Medical Marijuana and Marijuana Possession in NJ

Conditional DischargeClassification of Marijuana Charges in New Jersey

In New Jersey, possession of marijuana is an offense classified as either a disorderly persons offense (less than 50 grams) or an indictable crime (50 grams or more).  If you are not eligible for diversionary programs, such as conditional discharge or pretrial intervention, you face serious consequences such as fines, loss of your driver’s license, and time in jail or prison if you are convicted.  In addition, you may end up with a permanent criminal record, which may cause you to lose your job and make it extremely difficult to find future employment.

The New Jersey Medical Marijuana Program

Individuals who are enrolled in the New Jersey Department of Health’s Medical Marijuana Program are allowed to be in possession of marijuana for the treatment of a debilitating medical condition.  In order to apply for the program, you must have a qualifying illness, such as muscular dystrophy, terminal cancer or multiple sclerosis.  You must also have a “bona-fide” relationship with a physician who is a registered member of the program.  The Department of Health defines a bonafide relationship as “a relationship in which the physician has ongoing responsibility for the assessment, care, and treatment of a patient’s debilitating medical condition.”  More information about eligibility requirements and how to apply for the program can be found on the State of New Jersey’s website.

Low Enrollment in NJ Medial Marijuana Program So Far

The New Jersey Medical Marijuana Program recently came under scrutiny when low enrollment figures indicated that only 2,343 patients had signed up for the program since the first dispensary opened in 2012.  Low enrollment was also the main reason for the resignation of Bill Thomas, CEO of the Compassionate Care Foundation— the medical marijuana dispensary of South Jersey.  Proponents of the program blame the strict enrollment rules, such as the requirement that patients must obtain written certification from a participating physician—of which there are very few.  In addition, the enrollment fee for the program is $200, which is much higher than fees charged by dispensaries in other states.  Patients have also complained about the inconvenience of driving long distances to get to a dispensary, of which there are only three in the entire state.  Certain requirements are seen as excessive, such as mandating patients to be re-authorized every 90 days even if they have an incurable or terminal illness.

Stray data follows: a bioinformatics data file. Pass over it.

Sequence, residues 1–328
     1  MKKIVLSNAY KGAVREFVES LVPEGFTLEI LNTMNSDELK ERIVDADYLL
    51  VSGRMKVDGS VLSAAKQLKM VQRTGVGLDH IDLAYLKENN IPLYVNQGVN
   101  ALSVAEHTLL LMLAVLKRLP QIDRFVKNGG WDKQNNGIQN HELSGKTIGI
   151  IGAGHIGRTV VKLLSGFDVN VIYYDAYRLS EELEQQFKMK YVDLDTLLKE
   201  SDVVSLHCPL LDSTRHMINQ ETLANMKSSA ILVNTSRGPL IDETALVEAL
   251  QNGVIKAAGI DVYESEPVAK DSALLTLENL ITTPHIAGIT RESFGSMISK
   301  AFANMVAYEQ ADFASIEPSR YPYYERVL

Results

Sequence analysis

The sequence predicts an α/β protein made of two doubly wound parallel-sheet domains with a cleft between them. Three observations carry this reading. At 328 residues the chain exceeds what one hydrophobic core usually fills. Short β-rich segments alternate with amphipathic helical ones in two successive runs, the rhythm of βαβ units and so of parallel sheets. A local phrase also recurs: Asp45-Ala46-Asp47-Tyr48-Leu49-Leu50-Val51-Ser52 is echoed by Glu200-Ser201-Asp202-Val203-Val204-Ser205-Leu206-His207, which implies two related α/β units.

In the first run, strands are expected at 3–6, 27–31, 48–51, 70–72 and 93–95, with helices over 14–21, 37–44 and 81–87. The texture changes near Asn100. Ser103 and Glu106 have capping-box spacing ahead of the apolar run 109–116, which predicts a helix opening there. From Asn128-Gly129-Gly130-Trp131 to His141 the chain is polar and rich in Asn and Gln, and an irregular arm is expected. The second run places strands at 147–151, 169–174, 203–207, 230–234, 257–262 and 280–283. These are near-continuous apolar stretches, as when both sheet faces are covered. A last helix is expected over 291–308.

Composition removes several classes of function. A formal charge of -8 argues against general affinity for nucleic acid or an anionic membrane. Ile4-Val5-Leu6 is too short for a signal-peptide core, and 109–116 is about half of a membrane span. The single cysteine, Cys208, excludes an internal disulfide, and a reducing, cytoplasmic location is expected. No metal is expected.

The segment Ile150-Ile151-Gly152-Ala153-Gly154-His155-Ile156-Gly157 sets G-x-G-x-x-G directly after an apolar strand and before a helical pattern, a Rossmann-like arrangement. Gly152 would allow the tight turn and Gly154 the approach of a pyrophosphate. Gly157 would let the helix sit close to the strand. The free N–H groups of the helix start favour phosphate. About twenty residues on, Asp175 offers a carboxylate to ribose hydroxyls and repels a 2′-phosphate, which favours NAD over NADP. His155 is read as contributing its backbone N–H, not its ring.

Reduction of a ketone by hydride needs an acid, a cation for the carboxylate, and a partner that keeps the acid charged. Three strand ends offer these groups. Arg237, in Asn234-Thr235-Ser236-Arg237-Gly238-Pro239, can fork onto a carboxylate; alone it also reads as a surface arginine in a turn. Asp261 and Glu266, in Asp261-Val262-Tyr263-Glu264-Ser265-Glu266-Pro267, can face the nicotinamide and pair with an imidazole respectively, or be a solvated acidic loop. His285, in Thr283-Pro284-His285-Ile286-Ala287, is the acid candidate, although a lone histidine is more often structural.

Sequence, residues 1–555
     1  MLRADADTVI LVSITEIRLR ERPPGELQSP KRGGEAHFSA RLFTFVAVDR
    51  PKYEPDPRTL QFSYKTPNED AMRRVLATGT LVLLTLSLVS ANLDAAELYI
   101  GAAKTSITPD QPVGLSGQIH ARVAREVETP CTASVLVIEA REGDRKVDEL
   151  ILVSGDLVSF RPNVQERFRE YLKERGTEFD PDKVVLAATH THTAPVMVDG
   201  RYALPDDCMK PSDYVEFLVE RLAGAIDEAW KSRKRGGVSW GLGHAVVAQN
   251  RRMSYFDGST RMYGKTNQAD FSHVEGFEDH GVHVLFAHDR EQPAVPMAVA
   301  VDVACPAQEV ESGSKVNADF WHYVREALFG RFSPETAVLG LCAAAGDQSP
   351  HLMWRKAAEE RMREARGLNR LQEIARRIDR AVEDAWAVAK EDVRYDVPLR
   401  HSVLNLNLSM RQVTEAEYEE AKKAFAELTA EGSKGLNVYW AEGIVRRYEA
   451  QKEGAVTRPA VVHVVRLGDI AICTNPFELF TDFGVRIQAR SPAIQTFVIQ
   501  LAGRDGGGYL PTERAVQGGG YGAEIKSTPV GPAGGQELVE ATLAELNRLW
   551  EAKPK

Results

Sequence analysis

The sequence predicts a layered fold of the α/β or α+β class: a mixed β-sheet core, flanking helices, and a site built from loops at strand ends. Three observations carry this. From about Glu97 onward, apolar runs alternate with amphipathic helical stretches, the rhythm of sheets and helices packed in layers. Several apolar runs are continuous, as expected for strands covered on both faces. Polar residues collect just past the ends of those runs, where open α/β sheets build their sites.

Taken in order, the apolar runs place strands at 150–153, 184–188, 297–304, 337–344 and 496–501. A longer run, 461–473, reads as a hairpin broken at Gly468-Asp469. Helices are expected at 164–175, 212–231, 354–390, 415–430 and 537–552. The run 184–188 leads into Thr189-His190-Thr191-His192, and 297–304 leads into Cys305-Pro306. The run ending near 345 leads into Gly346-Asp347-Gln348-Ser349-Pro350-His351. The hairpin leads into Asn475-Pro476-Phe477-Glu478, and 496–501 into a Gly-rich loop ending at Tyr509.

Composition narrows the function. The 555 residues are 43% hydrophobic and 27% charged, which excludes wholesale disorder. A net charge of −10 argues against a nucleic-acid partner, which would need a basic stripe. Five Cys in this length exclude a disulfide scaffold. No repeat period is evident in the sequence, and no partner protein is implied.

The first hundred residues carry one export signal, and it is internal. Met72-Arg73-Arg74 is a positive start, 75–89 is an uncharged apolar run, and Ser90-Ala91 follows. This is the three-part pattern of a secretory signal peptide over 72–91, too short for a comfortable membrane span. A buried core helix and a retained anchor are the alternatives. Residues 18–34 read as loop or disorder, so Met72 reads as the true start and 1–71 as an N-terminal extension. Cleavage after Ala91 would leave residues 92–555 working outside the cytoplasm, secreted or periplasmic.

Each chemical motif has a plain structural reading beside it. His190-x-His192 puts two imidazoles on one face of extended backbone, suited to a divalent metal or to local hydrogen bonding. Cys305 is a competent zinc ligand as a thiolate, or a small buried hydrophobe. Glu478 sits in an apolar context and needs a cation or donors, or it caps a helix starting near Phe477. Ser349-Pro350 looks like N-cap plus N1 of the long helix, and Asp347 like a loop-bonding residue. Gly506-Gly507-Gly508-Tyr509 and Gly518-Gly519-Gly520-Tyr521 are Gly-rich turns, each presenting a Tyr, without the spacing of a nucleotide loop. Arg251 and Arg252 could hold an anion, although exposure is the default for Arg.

Charged with Marijuana Possession in NJ?

Regardless of the program’s success, it seems clear that New Jersey will maintain its stance on tough penalties for those found to be in possession of marijuana.  Even if you do have a qualifying medical condition, you will be arrested for possession of marijuana unless you are a patient or primary caregiver registered with one of the state’s approved dispensaries.

If you have questions about your rights concerning New Jersey’s medical marijuana program, please call Villani & DeLuca at (732) 965-3350.  If you believe that you were unjustly charged with marijuana possession, our experienced criminal defense lawyers will review your case to ensure that your rights were not violated.  Please schedule a free consultation with one of our attorneys to discuss all the available options for resolving your charges.

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